“At times, I see it as a privilege to be Yemeni, artist or not. This is a place as old as history can be. With all its complications, conflicts, and endless wars, I am still very fortunate that I am one who comes from that world. On the other hand, there is a social responsibility towards bringing Yemeni stories to the surface and creating an awareness on Yemeni matters rather than presenting other bodies of work. It’s a sacrifice at times.”iii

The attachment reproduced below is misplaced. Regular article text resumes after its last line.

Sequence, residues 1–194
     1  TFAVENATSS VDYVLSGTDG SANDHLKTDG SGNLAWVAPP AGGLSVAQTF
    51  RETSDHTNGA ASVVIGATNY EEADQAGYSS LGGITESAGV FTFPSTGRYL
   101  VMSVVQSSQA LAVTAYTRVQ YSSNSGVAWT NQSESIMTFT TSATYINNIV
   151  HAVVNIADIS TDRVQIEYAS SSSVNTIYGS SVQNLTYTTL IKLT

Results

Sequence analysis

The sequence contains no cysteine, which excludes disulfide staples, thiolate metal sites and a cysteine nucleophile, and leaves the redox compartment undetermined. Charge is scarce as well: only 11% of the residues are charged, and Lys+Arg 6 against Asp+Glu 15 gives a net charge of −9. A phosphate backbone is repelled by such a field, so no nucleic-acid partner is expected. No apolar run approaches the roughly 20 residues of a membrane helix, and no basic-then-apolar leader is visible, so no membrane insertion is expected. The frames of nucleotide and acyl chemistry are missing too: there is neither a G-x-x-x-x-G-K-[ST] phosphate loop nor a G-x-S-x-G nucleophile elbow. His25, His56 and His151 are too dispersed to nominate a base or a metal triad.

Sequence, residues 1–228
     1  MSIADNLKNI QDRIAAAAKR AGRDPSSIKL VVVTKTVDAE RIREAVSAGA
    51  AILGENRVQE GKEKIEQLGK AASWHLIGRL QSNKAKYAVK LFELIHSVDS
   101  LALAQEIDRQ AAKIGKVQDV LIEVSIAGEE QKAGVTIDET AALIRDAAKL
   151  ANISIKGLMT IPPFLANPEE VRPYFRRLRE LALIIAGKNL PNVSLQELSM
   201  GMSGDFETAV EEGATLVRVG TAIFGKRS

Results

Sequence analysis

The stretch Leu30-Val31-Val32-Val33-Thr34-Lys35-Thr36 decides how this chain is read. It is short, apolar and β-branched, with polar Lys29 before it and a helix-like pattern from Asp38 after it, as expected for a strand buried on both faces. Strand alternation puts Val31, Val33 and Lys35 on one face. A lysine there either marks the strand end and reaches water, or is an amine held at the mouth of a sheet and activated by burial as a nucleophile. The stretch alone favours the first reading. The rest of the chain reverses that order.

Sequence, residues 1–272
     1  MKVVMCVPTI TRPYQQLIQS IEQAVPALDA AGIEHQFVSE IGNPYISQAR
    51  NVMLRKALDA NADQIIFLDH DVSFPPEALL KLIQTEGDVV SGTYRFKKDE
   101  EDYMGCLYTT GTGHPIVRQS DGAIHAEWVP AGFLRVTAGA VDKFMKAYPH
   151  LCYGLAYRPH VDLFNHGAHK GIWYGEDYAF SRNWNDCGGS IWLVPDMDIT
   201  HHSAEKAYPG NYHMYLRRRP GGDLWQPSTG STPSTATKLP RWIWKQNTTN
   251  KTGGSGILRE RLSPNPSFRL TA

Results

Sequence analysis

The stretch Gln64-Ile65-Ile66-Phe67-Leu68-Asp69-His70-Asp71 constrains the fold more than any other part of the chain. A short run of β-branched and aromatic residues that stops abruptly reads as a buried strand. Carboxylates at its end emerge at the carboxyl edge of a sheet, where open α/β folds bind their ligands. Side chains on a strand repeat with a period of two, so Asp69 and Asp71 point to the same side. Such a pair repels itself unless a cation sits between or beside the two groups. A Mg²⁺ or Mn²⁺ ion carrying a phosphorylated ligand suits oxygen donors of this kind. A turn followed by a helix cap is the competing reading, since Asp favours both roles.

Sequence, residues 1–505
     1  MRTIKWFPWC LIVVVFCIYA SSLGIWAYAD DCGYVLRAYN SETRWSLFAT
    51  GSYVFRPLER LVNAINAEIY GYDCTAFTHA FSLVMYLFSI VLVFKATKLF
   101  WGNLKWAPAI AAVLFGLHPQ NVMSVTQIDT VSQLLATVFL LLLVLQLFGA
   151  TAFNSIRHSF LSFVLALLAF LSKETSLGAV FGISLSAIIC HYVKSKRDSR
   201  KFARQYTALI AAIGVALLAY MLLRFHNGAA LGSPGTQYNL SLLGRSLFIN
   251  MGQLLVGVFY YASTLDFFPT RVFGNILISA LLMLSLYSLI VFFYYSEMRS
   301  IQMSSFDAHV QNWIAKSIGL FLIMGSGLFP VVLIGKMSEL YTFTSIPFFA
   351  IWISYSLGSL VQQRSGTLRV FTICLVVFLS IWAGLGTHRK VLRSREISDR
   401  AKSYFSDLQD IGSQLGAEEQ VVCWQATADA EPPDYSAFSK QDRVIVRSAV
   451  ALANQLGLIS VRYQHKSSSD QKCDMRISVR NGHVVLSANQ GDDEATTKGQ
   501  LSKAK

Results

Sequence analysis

In his work, artist, writer, filmmaker, and musician Ibi Ibrahim conveys ideas of home, displacement, and what it means to be dispossessed. Drawing inspiration from his life experiences, Ibrahim often addresses issues of sexuality, gender, and tradition in juxtaposition with the conservative Yemeni society from which he comes. His images have started conversations between Yemeni youth about “the social and cultural effects of the widespread conservatism which has grown in his country and the region over the last forty years.”iv Ibrahim’s work has been exhibited across the globe and is part of the permanent collections of multiple institutions. He founded of the Romooz Foundation, an independent nonprofit organization dedicated to supporting emerging art and literature in Yemen, and Makan, a New York-based initiative on art and food from countries of conflict and beyond.